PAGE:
Monday, December 26, 2011

Quick and Dirty Photo Backdrop for Dunes Junction

The quick and dirty photo backdrop in place and permanently mounted.
Before any more scenery building can take place on the Dunes Junction layout, something had to be done about that empty expanse of sky backdrop.  My earlier experiments with a mocked-up treeline made from color photo prints showed that I could fill that sky void with something that would fill the space with some visual 'noise' cheaply and quickly.
The treeline takes shape in Adobe Photoshop, but any old photo editing
tool will do the trick.
The first step in making my quick and dirty photo backdrop was to take some photos of an actual treeline and configure them into a usable treeline for the backdrop.  I took my treeline photos near Ocean Pines, Maryland and then used Adobe Photoshop to combine them into a single panoramic image.  Some newer digital cameras have a 'panorama' or 'photo-stitch' feature that will do this automagically, and there are plenty of cheaper alternatives to Photoshop out there.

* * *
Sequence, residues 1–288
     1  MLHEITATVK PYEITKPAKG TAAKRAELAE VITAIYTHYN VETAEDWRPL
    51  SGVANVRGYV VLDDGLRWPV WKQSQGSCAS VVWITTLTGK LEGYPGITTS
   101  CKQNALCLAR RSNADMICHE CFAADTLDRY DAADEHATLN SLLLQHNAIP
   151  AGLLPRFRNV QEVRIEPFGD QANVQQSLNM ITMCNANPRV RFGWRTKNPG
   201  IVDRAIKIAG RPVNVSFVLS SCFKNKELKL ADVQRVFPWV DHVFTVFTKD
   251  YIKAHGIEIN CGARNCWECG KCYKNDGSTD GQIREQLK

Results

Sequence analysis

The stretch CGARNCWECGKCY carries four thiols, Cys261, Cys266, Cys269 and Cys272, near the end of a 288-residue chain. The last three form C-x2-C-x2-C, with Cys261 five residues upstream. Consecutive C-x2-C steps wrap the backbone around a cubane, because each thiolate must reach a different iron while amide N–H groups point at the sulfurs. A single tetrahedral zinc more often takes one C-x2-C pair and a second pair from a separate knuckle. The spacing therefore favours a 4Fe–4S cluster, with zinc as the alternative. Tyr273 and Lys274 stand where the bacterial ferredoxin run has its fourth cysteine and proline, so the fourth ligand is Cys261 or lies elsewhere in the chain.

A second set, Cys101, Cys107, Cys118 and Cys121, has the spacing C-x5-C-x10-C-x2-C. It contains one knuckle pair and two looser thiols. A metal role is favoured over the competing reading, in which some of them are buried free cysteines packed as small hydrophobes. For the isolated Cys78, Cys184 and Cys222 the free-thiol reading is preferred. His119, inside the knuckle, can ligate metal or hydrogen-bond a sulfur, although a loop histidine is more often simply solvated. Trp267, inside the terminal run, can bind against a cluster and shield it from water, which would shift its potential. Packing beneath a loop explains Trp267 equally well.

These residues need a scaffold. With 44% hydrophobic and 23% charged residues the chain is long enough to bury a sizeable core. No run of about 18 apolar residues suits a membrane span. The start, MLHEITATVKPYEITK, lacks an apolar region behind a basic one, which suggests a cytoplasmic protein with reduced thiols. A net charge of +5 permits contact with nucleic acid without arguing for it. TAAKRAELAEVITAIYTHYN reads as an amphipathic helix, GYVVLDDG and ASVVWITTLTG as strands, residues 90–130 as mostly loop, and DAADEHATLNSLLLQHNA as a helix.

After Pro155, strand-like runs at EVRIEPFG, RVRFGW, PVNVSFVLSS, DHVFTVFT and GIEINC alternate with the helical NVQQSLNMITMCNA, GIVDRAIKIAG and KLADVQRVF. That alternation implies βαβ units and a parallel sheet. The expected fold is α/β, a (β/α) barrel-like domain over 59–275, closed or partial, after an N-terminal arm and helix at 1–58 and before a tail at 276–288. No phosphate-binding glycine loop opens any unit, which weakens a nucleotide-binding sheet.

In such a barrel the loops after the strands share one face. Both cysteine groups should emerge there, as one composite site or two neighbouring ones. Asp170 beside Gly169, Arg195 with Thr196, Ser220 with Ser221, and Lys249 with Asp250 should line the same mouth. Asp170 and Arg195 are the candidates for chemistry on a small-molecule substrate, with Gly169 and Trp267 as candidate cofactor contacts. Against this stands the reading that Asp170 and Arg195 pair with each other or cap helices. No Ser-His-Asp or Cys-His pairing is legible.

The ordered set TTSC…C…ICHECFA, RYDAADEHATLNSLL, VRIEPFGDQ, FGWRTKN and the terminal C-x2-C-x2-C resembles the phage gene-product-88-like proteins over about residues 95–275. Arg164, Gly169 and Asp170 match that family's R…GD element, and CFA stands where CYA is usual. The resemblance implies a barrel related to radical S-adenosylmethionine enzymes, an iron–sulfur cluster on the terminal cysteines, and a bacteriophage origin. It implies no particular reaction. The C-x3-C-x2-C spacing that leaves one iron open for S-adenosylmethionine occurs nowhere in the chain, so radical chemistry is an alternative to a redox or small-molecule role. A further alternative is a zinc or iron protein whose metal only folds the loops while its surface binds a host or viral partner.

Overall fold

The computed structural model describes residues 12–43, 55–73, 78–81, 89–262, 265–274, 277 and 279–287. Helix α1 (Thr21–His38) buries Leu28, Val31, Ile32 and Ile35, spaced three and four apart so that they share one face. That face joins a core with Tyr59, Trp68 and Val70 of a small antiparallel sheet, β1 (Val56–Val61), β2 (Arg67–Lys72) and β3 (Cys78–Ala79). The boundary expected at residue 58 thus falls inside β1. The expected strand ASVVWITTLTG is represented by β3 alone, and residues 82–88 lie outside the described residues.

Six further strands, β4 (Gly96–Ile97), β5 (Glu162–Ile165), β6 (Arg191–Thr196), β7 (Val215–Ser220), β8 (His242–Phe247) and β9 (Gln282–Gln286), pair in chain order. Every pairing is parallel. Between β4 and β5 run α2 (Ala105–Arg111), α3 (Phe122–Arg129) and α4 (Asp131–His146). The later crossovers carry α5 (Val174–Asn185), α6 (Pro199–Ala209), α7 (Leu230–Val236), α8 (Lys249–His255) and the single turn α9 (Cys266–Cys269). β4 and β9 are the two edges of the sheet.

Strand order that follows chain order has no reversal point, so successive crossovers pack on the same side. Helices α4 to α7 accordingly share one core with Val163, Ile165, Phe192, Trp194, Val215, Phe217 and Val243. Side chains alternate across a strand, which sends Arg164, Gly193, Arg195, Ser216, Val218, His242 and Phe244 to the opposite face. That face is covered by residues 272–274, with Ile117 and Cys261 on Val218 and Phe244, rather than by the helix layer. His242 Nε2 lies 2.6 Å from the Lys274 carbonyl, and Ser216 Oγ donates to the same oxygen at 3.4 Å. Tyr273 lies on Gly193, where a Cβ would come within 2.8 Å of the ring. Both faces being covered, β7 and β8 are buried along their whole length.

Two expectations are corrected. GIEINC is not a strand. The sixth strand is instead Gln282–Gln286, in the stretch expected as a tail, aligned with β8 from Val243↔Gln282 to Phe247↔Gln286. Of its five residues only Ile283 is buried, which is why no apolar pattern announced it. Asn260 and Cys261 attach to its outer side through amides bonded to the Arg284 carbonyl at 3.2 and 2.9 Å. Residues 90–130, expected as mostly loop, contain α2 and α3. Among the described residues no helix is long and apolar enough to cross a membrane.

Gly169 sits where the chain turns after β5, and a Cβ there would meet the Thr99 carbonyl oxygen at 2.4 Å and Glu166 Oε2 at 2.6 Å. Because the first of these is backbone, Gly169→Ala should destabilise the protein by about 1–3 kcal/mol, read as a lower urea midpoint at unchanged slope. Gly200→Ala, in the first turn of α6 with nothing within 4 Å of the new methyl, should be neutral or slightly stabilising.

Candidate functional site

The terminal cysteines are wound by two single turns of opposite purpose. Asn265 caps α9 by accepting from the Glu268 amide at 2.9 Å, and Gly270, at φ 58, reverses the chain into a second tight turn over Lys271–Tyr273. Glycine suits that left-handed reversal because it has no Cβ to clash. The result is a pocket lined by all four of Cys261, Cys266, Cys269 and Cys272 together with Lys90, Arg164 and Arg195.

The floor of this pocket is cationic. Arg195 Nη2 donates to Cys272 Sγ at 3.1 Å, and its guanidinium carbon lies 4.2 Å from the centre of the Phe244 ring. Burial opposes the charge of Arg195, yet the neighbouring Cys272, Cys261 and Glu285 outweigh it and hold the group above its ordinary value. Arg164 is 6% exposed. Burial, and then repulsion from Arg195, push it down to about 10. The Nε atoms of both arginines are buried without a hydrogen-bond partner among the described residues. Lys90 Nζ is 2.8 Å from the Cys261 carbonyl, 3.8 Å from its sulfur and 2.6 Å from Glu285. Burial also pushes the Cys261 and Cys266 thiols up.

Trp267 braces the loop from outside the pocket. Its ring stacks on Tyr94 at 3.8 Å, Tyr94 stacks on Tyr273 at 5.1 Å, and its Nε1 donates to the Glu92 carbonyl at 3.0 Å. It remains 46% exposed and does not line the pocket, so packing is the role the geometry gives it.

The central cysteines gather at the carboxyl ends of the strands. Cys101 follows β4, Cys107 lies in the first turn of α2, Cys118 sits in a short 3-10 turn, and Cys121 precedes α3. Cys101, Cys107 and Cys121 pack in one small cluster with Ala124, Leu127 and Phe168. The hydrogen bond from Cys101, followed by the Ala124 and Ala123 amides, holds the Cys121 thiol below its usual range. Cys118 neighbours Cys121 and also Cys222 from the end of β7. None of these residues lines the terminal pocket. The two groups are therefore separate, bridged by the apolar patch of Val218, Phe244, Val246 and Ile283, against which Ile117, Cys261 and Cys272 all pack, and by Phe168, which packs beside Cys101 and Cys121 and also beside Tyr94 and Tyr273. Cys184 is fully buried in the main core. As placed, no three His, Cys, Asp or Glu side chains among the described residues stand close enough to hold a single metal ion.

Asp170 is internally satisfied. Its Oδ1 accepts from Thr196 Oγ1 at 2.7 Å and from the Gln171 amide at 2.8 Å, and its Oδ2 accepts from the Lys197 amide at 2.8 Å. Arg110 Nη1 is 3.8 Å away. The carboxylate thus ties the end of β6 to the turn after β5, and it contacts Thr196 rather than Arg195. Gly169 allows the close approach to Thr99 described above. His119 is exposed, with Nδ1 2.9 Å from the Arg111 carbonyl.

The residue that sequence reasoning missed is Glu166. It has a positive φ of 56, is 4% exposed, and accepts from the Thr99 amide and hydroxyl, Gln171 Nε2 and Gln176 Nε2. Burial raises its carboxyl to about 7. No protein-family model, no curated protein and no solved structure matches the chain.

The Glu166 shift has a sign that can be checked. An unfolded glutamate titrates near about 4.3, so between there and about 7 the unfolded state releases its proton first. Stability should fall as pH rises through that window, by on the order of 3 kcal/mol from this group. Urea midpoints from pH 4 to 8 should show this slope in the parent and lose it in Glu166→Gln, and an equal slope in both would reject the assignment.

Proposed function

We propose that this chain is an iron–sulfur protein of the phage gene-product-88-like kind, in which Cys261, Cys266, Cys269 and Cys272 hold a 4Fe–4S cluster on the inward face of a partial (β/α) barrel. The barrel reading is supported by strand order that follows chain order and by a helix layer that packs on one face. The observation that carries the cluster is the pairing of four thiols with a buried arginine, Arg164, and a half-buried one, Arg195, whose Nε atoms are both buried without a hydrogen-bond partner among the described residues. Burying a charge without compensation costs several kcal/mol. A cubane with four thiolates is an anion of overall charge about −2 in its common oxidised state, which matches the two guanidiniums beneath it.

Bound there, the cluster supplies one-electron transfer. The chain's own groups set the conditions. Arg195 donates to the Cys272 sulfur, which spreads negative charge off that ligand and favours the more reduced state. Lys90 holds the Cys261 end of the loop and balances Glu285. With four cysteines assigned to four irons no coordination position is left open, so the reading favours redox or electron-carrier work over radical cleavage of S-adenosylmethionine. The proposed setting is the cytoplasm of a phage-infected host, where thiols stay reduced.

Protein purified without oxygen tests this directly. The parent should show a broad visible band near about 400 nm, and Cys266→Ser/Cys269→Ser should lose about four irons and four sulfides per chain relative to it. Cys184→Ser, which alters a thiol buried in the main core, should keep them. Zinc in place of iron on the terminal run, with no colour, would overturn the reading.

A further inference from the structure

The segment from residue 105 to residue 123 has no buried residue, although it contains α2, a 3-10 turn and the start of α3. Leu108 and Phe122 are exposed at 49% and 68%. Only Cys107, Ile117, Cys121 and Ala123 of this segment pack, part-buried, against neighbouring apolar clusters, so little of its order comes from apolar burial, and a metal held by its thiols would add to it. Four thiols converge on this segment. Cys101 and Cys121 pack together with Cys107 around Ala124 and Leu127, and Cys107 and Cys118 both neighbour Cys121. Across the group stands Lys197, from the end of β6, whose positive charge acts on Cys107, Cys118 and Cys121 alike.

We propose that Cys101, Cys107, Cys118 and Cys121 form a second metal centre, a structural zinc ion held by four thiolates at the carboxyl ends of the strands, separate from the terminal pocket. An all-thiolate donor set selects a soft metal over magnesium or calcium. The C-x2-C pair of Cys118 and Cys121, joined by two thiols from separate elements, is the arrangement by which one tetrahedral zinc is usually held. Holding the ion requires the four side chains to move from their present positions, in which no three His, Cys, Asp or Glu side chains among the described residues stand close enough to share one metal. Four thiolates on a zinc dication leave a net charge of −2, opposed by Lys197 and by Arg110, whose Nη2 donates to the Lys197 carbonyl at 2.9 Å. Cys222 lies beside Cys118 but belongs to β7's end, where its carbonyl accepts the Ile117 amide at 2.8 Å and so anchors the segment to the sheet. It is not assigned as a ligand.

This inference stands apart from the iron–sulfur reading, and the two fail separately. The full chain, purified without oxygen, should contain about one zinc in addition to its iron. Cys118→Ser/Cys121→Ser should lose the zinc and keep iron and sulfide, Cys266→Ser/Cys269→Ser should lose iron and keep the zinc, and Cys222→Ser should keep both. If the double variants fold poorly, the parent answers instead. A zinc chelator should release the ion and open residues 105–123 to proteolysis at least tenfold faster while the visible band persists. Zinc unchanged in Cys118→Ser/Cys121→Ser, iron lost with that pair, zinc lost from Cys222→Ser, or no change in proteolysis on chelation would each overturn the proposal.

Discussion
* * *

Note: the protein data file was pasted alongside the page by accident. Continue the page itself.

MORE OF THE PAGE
The techniques I used to fashion my photos into the backdrop could be the subject of a whole new blog, and there are plenty of resources available online, in print, and elsewhere (such as continuing education classes in your community, and if you are serious enough and want to pause your layout building for a few years, post-graduate degree programs in digital graphics). But what I did was select, move, and scale sections of my panoramic treeline photos to match measurements from my layout, and then used various stamping and healing tools to fill any rough or mismatched spots.  It's not a perfect image, but it is a reasonably convincing 'woods' image.

The next step is to make a correctly sized print.  Based on my previous treeline experiments, the overall height of the treeline needed to be 5" to 5 1/2". I used the scaling and ruler features of PhotoShop to ensure that my treeline conformed to this dimension, and then I switched over to the free Google Picasa program to print the backdrop, because I am too stupid to figure out how to control printing in PhotoShop.
Half of being smart is knowing what your dumb at: Using Picasa
for printing the backdrop cuz I suck at PhotoShop.